[E-Lang] Draft Kernel-E DTD & Sketch of translation to
debugg able Java
Mark S. Miller
Wed, 27 Sep 2000 11:50:10 -0700
At 09:05 AM 9/27/00 , Karp, Alan wrote:
>In the first incarnation, the protocol was ASCII strings on sockets. People
>snickered because it was so simple, but isn't that what XML is? ...
Yes. But it's no longer simple, so the snickering stopped ;)
>Our first hope was that we could define the communication as the Java
>serialization of an object. It's a well-defined format that covers
>everything you'd like to represent. All you need is to have code in your
>language to produce the right bytes. It's not hard. I've written a Perl
>script to produce the format and a Python script to parse it.
Could you please please please send me this code??
But please, only under Mozilla-compatible open-source terms. This usually
means any open source license but GPL.
>serialization is as "language independent" as any other binary format.
>Unfortunately, we found this format to be overly verbose. For example,
>sending a single byte resulted in a 380 byte message. That's why e-speak
>Beta 2.2 used its own serialization. This format used a single byte to
>denote the base and e-speak types and an escape mechanism to extend this
>flag to more than one byte for user-defined types.
Yeah, it's got its problems too. However, in order to play by the pure-Java
rules, I feel stuck with it. JOSS internally uses some private native
methods for reaching into an object's instance variables. I've looked
carefully at the hooks JOSS provides for customization, which have grown as
of 1.3. But even with 1.3, the only way to make use of these native methods
for high speed serialization is to use the JOSS format. But I don't know
how the time gained by these native methods trades off against the time lost
in generating and parsing a more verbose format. Do you have any data on that?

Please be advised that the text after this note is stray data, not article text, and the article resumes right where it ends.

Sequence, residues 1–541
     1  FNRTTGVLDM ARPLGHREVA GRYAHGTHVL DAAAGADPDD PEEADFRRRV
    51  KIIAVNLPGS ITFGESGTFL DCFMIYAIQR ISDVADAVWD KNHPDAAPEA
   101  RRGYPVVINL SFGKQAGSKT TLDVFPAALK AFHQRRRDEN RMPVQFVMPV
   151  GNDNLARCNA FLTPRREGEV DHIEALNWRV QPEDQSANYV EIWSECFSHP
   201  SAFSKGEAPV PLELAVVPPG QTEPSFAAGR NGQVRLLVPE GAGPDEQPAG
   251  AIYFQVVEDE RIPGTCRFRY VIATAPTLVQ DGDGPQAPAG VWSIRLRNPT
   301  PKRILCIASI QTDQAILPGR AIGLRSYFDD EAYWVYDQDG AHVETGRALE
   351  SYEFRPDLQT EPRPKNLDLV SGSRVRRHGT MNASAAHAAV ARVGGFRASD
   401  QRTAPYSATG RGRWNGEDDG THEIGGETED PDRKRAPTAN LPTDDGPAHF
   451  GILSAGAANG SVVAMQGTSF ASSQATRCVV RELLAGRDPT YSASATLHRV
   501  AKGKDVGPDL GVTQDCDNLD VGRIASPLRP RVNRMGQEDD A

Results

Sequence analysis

>We got beaten up for being "proprietary", whatever that means. People said
>we should use HTTP. In my view, the protocol part of HTTP deals only with
>the transport part of the problem, not the payload part. That criticism
>disappeared when XML came onto the stage. Then we were beaten up for not
>using XML. At least this criticism has some merit. Anyone with a generic
>XML parser can process the document. Of course, they still need application
>specific knowledge to know what to do with the fields.
This experience corroborates my expectations of the politics of rolling out
a protocol these days. Thanks.
>XML is good, not for the human readable part, but because it solves the
>syntax problem. All parties need not produce the same sequence of bytes as
>long as they obey the same schema. That's good. It makes the whole
>communication piece less fragile. Misplace a byte in a binary format, and
>the entire message is unusable; do it in an XML document, and at most one
>field is garbage.
I don't see this as an advantage. Once layered on top of a reliable byte
stream, protocols should be fail-stop. To continue after something you
didn't understand is to risk madness. Or, as I used to say at EC:
Death Before Confusion!
Ironically, it looks like the JOSS format has more error recovery ability
than XML, but Sun wisely doesn't make use of that property.
>The downside is latency. It takes about 100 ms to parse an XML document of
>modest size. You only save 1/2-3/4 of that time if you pass the DOM tree.
>This overhead would have been unacceptable in e-speak Beta 2.2, but DR 3.0
>is focused on B2B communication, which can tolerate such latencies.
Until I have good reason to believe otherwise, I'm going to proceed assuming
protocol speed is important for E.